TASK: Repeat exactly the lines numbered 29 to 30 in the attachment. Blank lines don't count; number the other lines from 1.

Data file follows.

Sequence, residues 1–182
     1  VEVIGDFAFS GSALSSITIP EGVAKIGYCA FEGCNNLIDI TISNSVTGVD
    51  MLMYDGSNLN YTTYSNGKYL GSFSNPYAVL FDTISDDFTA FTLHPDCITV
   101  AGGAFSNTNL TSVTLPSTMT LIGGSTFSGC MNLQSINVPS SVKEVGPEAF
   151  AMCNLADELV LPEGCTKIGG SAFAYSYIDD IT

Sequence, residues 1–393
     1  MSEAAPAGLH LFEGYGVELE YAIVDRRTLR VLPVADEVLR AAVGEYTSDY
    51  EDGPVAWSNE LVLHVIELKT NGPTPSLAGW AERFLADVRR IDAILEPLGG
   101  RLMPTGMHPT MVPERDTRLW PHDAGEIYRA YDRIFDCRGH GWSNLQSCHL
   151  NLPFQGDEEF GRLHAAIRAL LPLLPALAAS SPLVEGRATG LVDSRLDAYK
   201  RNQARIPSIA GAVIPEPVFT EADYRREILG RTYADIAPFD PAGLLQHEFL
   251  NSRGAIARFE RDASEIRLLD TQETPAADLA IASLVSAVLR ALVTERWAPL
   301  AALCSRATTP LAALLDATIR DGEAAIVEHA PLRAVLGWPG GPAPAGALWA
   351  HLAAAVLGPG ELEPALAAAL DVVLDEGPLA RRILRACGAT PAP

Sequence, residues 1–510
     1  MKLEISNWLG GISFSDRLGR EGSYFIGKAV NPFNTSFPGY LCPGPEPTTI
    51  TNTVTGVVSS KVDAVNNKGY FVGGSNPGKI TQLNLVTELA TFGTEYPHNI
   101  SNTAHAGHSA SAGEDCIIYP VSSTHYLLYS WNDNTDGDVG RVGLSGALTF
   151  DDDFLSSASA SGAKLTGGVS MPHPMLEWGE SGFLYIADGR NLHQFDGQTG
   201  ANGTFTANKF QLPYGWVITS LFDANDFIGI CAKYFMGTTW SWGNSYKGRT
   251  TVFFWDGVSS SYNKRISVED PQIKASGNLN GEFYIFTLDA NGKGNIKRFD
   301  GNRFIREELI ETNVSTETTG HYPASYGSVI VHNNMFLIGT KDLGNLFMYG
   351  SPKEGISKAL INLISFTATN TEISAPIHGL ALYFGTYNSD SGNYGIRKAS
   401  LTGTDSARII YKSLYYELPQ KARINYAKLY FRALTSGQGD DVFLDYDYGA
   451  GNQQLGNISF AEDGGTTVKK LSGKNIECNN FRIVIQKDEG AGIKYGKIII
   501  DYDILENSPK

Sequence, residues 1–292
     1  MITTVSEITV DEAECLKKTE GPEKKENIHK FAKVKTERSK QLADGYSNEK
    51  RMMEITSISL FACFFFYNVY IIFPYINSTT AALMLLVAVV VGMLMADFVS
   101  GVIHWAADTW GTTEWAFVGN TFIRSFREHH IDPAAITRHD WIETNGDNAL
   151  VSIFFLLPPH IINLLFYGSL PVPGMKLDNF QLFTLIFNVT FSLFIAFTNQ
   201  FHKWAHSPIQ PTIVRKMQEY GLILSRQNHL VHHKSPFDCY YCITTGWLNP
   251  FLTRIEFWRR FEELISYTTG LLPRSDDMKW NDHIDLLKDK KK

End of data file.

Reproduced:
    51  RMMEITSISL FACFFFYNVY IIFPYINSTT AALMLLVAVV VGMLMADFVS
   101  GVIHWAADTW GTTEWAFVGN TFIRSFREHH IDPAAITRHD WIETNGDNAL